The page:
Innovation On a Shoestring
This is a cruel season on the University of Washington campus-and across the state. UW officials and faculty members, legislators and financial experts in Olympia, and their counterparts in cities and counties and publicly supported agencies around the state are wrestling with the worst budget crisis in most people's memories. How do we salvage the public welfare with a looming state deficit of more than $2 billion? It is cold comfort to know that the same exercise is going on all over the country, from California to New York.
Interim President Lee Huntsman, Photo by Mary Levin.
But if you sat in my office and looked down at the students thronging "Red Square", you would not see a crisis there. You would see energy, laughter, people in a hurry and people lingering with friends-the same high-spirited swirl of student life you all remember. It's not that students are oblivious. They know perfectly well that tuition is rising, classes are getting larger and fewer, and the ranks of their professors are thinning. But their youthful hope, optimism and sense of purpose somehow survive the official gloom. For their elders, like me, they are a perpetual tonic.
They are also the future. Putting their education on hold while we figure out how to pay for it is not an option. So we continue to pursue educational innovation on a shoestring. Let me give you a few illustrations.
As part of its two-year-old honors program for undergraduates, the UW Business School has developed a new course on leadership. Students are assigned extensive readings on concepts and theories. But the key feature is a series of presentations by actual business leaders-people like William Ayer (CEO of Alaska Airlines), Ed Fritzky (recently CEO of Immunex), and UW Regent Sally Jewell (COO of REI). Each is a walking case study, and each engages the students in a lively discussion of what makes for effective leadership. Students love the course, says Professor Pete Dukes. They get personal access to a wealth of insight and experience, which (thanks to the generosity of these CEOs) costs the University nothing.
Next September, before fall quarter begins, the College of Arts and Sciences will offer an ambitious new program for first-year students: Discovery Seminars. These will be intensive, month-long, five-credit courses, organized around broad interdisciplinary themes and emphasizing active inquiry and writing. They will be limited to 25 students each and taught by experienced faculty who have worked together on goals and strategies. In each seminar, the teacher's own research or scholarship will help shape the class, so that students become aware of, and inspired by, the central role of discovery in a UW education.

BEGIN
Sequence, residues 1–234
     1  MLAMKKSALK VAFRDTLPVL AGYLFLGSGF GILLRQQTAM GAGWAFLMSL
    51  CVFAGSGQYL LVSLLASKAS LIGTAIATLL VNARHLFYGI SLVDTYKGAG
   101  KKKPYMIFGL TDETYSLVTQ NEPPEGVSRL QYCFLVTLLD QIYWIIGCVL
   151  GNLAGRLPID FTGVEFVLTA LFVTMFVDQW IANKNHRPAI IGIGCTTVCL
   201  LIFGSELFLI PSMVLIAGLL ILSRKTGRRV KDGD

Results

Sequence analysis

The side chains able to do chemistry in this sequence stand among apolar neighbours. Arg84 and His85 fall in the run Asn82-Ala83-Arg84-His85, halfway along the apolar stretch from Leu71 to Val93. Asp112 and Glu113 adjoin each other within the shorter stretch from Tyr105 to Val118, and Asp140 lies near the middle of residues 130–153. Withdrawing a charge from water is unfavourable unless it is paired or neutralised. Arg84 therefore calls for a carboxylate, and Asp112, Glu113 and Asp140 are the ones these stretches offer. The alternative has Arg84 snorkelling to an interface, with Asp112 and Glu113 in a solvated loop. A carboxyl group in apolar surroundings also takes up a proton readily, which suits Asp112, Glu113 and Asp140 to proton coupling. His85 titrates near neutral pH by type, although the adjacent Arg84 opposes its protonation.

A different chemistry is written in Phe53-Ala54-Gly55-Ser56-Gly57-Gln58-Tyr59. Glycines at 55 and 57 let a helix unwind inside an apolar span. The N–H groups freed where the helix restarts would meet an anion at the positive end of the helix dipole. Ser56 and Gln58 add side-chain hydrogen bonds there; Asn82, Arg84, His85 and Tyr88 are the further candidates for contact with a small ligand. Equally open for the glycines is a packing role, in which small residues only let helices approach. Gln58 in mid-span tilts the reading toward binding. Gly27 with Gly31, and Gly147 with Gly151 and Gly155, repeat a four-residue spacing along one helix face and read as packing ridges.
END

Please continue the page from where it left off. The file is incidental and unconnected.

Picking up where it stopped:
These seminars are meant to jump-start the transition from high school to research university-a transition that for too many students has been bumpy and prolonged. Dean David Hodge and his associates are betting that close faculty contact and guidance, as freshmen first confront both the rigors and the broad array of opportunities here, will help them learn much more quickly how to make the most of their time at the UW. How can we afford to offer this kind of experience? Only by making it self-sustaining-that is, supported entirely by the fees of participating students (with financial aid available). The first seminars will have room for about 600 freshmen, but the program will grow to meet demand as the value of a strong start becomes apparent.
Finally, consider "Biological Frameworks for Engineers," a course created by Professor Mary Lidstrom and colleagues in the College of Engineering. Initially funded by the National Science Foundation, the course approaches biology from the perspective of systems engineering: nature as designer and evolution as design tool. Lidstrom's innovative efforts to infuse biology into the engineering curriculum have now won her a $1 million grant from the Howard Hughes Medical Institute. Among other things, the grant will triple the number of student slots available in the biological frameworks course at a time when the interface of biology and engineering is among the most exciting frontiers in science.
So, with a miscellany of non-state resources, we push ahead in remaking undergraduate education. And in our more optimistic moments, we imagine what might be possible if our core educational support from the state returned to what it should be.
Lee Huntsman, Interim President
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